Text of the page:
Anonymous Sources are Degrading Journalism, and Government Accountability

February 16, 2017 § Leave a comment

It’s one of the sexiest things in journalism: The anonymous source. It conjures images of late-night meetings in parking garages, voice modulators and intrigue. The fact that someone feels the need to be protected makes their information feel more valuable. « Read the rest of this entry »

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Is ‘Serial’ Journalism?

December 16, 2014 § Leave a comment

In a word: Yes.

(Note: If you don’t know what Serial is – first of all welcome to the Internet – and come back in 10 hours when you’ve finished listening.)

I’m putting this here because I think Serial’s success has perked up a lot of journalists’ ears (especially if they are, like me, in radio) and made them think about what they can take from Serial and apply to their own work.

Media critic (and my former professor) Dan Kennedy posted a commentary on his blog by journalist Brian C. Jones that makes an interesting argument that Serial isn’t journalism because it launched before the journalist involved – This American Life’s Sarah Koenig – knew what the outcome would be.

My objection is that when the reporting phase is exhausted, it’s crucial to understand what kind of a story it is, and maybe whether it is a story at all. At the very least, the writer has to be honest with listeners as to the “why” of the story.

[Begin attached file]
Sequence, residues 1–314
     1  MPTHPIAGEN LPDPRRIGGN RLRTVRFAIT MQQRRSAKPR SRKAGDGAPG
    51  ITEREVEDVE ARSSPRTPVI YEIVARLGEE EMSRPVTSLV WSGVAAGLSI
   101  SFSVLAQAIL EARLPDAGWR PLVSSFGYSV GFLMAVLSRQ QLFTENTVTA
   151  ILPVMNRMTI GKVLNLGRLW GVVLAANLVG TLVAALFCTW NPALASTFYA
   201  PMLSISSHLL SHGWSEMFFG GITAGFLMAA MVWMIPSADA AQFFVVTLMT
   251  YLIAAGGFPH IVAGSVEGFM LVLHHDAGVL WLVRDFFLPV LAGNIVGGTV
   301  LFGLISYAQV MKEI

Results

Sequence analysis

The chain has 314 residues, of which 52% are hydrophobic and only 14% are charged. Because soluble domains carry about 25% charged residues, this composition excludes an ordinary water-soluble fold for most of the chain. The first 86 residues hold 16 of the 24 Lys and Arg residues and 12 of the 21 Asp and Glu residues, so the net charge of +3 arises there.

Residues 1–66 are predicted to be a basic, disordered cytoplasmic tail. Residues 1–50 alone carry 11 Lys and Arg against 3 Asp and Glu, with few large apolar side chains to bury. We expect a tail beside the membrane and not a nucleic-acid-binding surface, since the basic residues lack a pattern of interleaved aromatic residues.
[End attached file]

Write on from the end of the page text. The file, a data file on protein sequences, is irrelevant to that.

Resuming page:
Jones’ problem, he writes, is that Koenig is one episode away from the conclusion of her look into the 1999 murder of Hae Min Lee and it seems likely she won’t have a “He did it!” or “He’s innocent!” conclusion to cap it all off. Not doing so, he argues, just causes a lot of harm to everyone involved in the case and doesn’t really accomplish anything. Therefore, he says, it’s voyeurism and not journalism.

Last week Koenig read from a letter from the defendant saying that his psyche has been bruised by her persistent questioning of his character. I imagine some prosecutors, cops and others whose work has been scrutinized feel the same.

I disagree with the argument that this disqualifies Serial from being journalism.

While I have sympathy for the family of the victim and the defendant with respect to the pain of being in the spotlight, I think Jones’ criticism is off the mark. To condemn a journalist for scrutinizing the work of police and prosecutor, and for the discomfort that’s caused, is to condemn accountability journalism. Accountability journalism is never comfortable when done well, and it shouldn’t have to be. Public officials – both the law and society in general agree – are and should be subject to greater scrutiny.

As to the harm caused to Adnan by digging into this case – Jones is right, it must be difficult. But (guilty or not) he was convicted of killing a girl. Is that not more harmful to his reputation or emotional health than anything Koenig ever could do? Does the outcome of her reporting (or lack thereof) somehow retroactively change the calculus here?